Thirty-one couples were married around the country yesterday. Herald reporters were there for some of the ceremonies.

Ponsonby wives

It could have been any other wedding, except for a few variations such as, "I now pronounce you wife and wife", and cheers of "hip-hip, gay" at the reception.

Tash Vitali and Mel Ray's marriage licence was picked up from the Department of Internal Affairs the minute it opened at 8.30am and was whisked up to the Auckland Unitarian Church in Ponsonby by motorbike.


The congregation cheered as it was brought into the church as the Rev Dr Matt Tittle conducted the ceremony.

Tash Vitali said she was "so excited" and proud to be among the first gay couples to marry in New Zealand. The couple won ZM's Fabulous Gay Wedding competition.

Labour MP Louisa Wall, whose bill to legalise same-sex marriage was passed into law in April, said the ceremony was what all her hard work had been about.

- Matthew Theunissen of APNZ
Historic Rotorua

Not only was their ceremony one of the first same-sex weddings in New Zealand, but it took place in one of the most photographed buildings - the Rotorua Museum.

There was little ordinary about the joint wedding of Jess Ivess and Rachel Briscoe, of Paihia, and Christchurch couple Richard Rawstorn and Richard Andrew, yesterday morning.

The registry office even opened half an hour early for the 8.30am ceremony, held before 100 people in the museum's grand foyer and broadcast live by The Edge FM.

In a symbolic touch, the outside of the building was lit in rainbow colours, before the couples arrived by limousine.


Mr Andrew and Mr Rawstorn had formally ended their civil union so they could tie the knot.

- Jamie Morton
Love in the air

Lynley Bendall and Ally Wanikau pledged their love for each other thousands of feet up in the air.

The Auckland couple exchanged pounamu necklaces instead of rings in front of their family, friends and international media on board an Air New Zealand flight from Queenstown.

Cheers, applause and whistles erupted as celebrant Kim Jewel Elliot proclaimed: "You are married!"

Modern Family star and marriage equality advocate Jesse Tyler Fergusson, who was recently married himself, was a guest at the ceremony and toasted the newlyweds at the reception in a hangar at Auckland Airport.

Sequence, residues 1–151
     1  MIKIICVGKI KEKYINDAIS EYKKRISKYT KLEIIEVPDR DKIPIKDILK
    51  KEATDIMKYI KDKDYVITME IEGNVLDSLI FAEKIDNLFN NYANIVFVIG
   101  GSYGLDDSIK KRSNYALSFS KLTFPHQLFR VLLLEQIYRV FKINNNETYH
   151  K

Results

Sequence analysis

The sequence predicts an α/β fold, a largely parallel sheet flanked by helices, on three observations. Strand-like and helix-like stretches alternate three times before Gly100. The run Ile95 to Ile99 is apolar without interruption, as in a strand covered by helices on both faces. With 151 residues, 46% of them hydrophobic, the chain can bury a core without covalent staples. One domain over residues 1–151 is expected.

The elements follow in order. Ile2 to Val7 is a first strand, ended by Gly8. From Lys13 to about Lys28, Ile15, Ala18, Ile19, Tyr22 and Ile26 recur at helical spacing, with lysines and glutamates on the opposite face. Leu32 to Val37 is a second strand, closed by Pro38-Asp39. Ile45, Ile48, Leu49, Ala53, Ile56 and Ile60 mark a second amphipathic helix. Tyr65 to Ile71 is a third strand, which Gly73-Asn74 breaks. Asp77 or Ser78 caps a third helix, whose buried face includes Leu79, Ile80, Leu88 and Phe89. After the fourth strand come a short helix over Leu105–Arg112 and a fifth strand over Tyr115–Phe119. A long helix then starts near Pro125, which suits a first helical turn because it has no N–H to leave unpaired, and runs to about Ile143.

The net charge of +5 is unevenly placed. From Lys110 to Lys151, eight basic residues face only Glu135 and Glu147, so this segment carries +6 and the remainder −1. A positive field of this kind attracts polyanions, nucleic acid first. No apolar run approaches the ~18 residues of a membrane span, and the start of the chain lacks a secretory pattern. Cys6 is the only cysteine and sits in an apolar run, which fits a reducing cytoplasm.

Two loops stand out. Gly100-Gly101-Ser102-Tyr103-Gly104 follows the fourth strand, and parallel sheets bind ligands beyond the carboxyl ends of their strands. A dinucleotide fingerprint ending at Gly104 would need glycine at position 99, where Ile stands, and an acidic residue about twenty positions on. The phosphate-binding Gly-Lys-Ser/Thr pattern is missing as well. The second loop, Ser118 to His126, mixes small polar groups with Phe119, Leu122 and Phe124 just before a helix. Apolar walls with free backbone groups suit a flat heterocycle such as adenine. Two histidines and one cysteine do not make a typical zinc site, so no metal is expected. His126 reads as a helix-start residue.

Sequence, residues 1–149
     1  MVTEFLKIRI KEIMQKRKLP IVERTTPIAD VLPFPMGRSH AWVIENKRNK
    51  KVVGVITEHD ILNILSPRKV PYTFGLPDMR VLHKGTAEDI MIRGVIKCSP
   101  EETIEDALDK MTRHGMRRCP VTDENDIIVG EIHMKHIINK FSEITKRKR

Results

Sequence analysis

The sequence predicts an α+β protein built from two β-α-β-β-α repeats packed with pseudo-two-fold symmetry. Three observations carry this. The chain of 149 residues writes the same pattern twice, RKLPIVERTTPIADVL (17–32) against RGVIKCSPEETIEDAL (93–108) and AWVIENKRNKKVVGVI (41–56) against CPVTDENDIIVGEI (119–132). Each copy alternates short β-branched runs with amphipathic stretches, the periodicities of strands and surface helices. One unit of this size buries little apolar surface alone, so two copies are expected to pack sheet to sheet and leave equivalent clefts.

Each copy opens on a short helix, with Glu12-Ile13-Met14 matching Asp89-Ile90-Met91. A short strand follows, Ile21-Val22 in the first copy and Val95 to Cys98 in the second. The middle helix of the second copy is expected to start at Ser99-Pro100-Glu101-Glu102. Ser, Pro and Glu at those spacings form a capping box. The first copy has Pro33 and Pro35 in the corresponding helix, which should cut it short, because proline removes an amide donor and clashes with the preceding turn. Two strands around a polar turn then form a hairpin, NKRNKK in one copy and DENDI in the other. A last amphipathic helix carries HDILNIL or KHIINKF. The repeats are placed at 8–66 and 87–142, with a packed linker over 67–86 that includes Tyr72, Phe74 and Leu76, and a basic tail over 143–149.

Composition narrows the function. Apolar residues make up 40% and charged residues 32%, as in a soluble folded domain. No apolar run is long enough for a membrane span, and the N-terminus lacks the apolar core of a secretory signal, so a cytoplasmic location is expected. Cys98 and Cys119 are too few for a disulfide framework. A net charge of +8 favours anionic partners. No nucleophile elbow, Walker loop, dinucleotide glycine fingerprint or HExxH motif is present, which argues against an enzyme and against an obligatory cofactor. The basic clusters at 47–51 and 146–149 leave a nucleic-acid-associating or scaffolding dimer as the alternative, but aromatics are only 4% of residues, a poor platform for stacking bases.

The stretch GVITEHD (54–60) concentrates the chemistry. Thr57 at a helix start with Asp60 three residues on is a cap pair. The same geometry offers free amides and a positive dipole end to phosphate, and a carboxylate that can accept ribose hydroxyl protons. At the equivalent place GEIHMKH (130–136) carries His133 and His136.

Ms Bendall said the whole morning had been "overwhelming" but she was clearly thrilled to finally be able to marry her partner of 13 years.

Yesterday was the third time the couple had publicly committed themselves to each other. In 2001, they had a commitment ceremony and in 2009, they had a civil union.

The couple won the Love is in the Air competition after their three children, Javarn, 9, Maycee, 7, and Mikaere, 6, made a video about how much they wanted their mothers to be married.

- Amelia Wade
Aussies say I do

Paul McCarthy and Trent Kandler yesterday became the first Australian gay couple married in NZ.

The Newcastle couple won a Tourism New Zealand competition to be flown to Wellington for the ceremony at Te Papa, with a reception at Martin Bosley's restaurant.

Watched by about 20 friends and relatives - eight paid for by Tourism NZ - they exchanged vows after 11 years together.

NZ Tourism Board chairwoman and former Wellington mayor Kerry Prendergast was the celebrant.

The couple's first holiday overseas together was in the South Island, so NZ has a special meaning for them.

Change of status

Whitney Keller and Mara Milani donned white shirts with the words "I do" written across them for their special day.

The couple - originally from Australia and Italy, respectively - live in Auckland and have been in a civil union for almost two years.

They turned up to the Internal Affairs Department in downtown Auckland yesterday to marry before the registrar.

The women smiled at one another as they were given the formal papers to fill out to make it all official.